Happy Thanksgiving!

More: Baylen Linnekin. And Julie Gunlock recalls her own days working in a supermarket deli. Goodbye, making up prepared salads in single-serving containers from whatever produce happened to be in overstock at the time. Hello, food waste!

Food roundup

Food roundup

  • Our posts on the closure of California’s Westover Winery following punitive fines for letting customers volunteer continue to draw interesting comments, including one from a reader identifying himself as William Smyth, owner of the winery;
  • FDA comes out with revised proposed FSMA rules, a preliminary look [AP] Agency only partially backs off restrictions on use of spent brewing grains as animal feed [Elizabeth Brown/Reason, WLF, earlier]
  • “Cottage food” law success: “Texans Created Over A Thousand Local Businesses After Texas Eased Restrictions On Selling Food” [Nick Sibilla, IJ/Forbes]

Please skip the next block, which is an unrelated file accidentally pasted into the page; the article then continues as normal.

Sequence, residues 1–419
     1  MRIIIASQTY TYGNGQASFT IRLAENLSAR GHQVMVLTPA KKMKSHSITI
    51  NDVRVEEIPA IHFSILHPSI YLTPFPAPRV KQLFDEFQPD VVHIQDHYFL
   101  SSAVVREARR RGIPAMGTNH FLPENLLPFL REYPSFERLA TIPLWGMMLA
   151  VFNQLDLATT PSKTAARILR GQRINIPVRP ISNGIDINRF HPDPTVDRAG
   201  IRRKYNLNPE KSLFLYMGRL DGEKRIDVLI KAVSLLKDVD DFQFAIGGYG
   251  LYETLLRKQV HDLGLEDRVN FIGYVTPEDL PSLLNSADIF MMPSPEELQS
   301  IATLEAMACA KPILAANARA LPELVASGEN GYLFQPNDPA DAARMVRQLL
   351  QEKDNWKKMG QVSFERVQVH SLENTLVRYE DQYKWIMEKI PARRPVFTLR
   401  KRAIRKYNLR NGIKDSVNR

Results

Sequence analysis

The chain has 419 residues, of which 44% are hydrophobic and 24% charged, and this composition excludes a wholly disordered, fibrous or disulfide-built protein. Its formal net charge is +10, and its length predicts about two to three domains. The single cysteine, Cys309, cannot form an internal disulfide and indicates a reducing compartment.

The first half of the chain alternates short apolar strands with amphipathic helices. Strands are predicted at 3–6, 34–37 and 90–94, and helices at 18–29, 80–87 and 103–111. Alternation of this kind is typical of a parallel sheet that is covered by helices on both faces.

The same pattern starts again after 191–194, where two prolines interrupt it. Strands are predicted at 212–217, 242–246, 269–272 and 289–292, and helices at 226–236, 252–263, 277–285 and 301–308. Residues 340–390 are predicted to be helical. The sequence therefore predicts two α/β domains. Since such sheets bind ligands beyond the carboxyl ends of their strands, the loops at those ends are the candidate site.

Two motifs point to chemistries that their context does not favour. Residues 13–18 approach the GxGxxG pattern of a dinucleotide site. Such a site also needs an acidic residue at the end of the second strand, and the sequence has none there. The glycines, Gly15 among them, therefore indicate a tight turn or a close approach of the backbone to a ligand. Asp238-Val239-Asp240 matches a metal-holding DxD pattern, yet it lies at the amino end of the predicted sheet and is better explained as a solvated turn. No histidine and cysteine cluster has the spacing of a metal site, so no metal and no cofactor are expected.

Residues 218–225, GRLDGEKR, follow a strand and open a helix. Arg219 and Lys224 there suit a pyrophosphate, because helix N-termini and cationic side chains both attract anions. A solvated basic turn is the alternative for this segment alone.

• Artisanal salami maker eventually managed to persuade FDA that it should be permitted to ferment product at 72 degrees as the Italians do [WaPo] Craft sausage startup in Detroit “sort of operated under ‘do-things-until-you-get-caught” [Metro Times]
  • Does drinking diet soda make you fat? [Daniel Engber, Slate]
  • Kalona, Iowa maker of squeaky cheese curds cites mounting regulatory costs in decision to close (via Julie Gunlock) [Cedar Rapids Gazette]
  • Bee colonies getting sick: indictment of modern humanity’s interaction with nature? [Timothy Taylor, Conversable Economist]

Food roundup